|Publisher:||Springer International Publishing|
|Edition description:||Softcover reprint of the original 1st ed. 2017|
|Product dimensions:||5.83(w) x 8.27(h) x (d)|
About the Author
Nancy Taylor Porter is Professor of Theatre, scholar artist, and Chair of the Department of Theatre at Illinois College, USA. In addition to her first book, Women Direct Shakespeare in America, she has also published in Women's Studies, Theatre Journal, and Shakespearean Criticism.
What People are Saying About This
“This is an original contribution to the field of gender studies and violence in the theatre, providing a wide and varied spectrum of analysis. Nancy Taylor Porter revisits an extensive number of theatrical and dramatic pieces that deal with the theme of violence in order to discuss the diverse roles and purposes currently ascribed to female characters in contemporary theatre in English.” (Noelia Hernando-Real, Associate Professor of English and North American Literature, Universidad Autónoma de Madrid, Spain)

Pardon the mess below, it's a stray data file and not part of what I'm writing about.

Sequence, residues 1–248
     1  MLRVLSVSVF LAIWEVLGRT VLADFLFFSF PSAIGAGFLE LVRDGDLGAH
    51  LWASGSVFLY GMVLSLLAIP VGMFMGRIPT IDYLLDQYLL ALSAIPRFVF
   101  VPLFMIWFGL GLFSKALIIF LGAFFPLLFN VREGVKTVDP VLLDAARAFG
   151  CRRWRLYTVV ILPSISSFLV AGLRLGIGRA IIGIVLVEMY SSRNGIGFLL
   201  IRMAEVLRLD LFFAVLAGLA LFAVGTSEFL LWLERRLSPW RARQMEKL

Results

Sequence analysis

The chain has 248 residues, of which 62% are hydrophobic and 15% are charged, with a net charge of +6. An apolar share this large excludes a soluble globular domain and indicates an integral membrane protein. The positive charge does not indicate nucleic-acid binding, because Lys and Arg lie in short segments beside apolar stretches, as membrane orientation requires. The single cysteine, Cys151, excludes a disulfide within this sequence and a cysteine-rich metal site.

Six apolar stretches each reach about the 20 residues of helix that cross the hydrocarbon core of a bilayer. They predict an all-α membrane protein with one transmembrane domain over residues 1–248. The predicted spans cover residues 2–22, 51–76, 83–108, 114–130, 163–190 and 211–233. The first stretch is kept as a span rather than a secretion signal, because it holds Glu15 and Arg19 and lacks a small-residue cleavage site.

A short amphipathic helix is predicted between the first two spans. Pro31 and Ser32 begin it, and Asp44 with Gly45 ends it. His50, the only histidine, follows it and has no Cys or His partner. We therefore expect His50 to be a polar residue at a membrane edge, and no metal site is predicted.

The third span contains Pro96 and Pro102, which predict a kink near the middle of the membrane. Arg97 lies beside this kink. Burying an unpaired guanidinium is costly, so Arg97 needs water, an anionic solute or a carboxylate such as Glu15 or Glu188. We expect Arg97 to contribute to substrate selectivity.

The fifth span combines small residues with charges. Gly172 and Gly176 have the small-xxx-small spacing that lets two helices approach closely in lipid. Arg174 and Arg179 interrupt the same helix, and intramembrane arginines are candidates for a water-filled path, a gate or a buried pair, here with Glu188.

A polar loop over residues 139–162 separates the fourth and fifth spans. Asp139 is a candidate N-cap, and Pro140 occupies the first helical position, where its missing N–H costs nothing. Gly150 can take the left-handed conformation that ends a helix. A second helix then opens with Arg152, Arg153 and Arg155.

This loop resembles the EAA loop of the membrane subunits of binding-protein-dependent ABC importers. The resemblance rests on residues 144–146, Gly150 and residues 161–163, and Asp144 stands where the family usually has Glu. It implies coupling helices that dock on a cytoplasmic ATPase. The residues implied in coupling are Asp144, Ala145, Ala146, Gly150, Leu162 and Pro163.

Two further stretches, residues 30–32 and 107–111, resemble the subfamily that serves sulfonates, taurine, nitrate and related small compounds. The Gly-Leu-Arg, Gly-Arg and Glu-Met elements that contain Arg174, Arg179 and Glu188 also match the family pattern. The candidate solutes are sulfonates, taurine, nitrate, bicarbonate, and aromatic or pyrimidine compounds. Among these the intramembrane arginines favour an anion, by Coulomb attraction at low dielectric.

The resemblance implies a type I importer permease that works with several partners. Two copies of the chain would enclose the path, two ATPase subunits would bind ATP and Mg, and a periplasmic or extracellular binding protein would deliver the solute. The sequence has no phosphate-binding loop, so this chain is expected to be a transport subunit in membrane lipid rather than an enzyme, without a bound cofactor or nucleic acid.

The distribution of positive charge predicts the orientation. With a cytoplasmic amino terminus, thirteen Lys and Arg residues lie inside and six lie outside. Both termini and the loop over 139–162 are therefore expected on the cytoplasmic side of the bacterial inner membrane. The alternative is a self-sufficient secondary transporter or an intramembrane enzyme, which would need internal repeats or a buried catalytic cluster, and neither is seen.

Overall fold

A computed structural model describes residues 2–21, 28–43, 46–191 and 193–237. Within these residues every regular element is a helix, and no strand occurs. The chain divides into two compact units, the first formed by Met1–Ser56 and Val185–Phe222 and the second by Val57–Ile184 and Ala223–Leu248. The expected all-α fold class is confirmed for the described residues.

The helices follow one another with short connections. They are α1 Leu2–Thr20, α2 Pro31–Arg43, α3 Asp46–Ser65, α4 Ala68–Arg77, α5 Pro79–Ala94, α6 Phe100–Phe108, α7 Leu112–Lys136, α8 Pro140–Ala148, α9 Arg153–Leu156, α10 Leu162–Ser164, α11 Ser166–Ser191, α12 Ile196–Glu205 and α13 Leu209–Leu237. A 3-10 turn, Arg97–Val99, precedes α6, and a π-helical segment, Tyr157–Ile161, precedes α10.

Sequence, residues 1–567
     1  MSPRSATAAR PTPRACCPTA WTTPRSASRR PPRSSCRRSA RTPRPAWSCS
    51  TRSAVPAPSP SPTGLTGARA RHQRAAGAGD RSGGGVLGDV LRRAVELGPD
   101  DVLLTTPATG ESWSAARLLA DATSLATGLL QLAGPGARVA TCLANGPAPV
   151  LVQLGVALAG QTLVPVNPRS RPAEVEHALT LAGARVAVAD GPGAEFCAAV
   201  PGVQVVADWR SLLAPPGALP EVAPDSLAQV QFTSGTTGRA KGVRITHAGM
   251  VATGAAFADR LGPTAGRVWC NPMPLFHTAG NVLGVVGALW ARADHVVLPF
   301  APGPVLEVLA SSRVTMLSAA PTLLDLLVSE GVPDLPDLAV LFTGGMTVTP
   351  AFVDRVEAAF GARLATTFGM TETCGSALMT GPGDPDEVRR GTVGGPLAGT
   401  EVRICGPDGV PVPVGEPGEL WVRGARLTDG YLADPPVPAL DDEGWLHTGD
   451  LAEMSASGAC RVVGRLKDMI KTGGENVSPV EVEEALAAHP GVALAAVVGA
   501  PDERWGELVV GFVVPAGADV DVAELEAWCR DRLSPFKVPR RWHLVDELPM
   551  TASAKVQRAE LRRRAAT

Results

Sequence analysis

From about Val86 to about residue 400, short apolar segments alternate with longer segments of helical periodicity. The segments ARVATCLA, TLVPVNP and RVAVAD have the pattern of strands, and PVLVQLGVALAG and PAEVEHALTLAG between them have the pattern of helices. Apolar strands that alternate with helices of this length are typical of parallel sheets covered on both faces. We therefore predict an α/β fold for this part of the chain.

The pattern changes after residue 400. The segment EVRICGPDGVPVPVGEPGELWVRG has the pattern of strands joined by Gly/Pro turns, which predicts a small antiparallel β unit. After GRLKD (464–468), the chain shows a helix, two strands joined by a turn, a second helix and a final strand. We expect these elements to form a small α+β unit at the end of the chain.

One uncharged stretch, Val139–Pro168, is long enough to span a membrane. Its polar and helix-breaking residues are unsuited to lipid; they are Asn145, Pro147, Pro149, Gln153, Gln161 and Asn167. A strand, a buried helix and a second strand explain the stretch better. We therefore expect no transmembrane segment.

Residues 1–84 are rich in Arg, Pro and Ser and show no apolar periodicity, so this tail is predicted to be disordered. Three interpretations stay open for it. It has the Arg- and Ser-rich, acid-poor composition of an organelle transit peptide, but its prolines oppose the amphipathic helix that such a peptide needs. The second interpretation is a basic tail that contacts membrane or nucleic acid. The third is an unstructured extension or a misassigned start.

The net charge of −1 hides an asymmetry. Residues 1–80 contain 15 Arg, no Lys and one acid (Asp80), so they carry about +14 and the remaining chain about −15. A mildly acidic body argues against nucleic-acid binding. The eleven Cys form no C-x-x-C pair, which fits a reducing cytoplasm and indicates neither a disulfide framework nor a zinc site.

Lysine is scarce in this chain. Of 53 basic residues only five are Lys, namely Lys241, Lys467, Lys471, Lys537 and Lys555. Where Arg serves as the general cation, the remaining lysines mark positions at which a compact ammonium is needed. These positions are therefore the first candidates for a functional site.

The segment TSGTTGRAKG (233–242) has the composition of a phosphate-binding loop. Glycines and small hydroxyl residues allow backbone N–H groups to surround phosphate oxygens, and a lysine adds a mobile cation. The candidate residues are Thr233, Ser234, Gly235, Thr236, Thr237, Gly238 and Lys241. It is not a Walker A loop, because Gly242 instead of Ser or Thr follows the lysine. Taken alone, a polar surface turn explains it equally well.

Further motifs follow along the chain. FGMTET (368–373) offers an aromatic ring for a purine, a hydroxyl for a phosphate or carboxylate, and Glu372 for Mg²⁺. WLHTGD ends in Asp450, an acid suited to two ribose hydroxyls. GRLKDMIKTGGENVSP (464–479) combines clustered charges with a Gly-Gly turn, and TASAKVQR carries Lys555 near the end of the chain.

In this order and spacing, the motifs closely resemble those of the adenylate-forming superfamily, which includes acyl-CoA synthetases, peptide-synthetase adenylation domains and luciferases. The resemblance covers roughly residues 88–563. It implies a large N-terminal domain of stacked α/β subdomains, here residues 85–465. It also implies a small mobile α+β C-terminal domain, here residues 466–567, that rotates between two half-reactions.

“Violent Women in Contemporary Theatres makes an important contribution to gender and violence studies with a focus on theatrical representations of women not only as victims, but also as survivors and perpetrators of violent action. The book is comprehensive in its examination of the sociological, psychological, and feminist perspectives on “real-world” incidents of violence, wide-spread and mediated interpretation of these events often informed by stereotypical and essentialized notions of gender, and especially women who commit violent acts, and the power of theatre to disrupt and revise our preconceptions of gender and violent behavior with a multiplicity of motivations and contexts. Taylor Porter considers an impressive array of performative spaces with which to complicate and demystify both gender and violence: plays in various dramaturgical forms, using varying performance strategies, including stage combat; state-sponsored violence in the theatre of war; the boxing arena and street-fighting, and the private/public space of sexualized play.” (Sharon Friedman, Associate Professor, the Gallatin School at New York University, USA)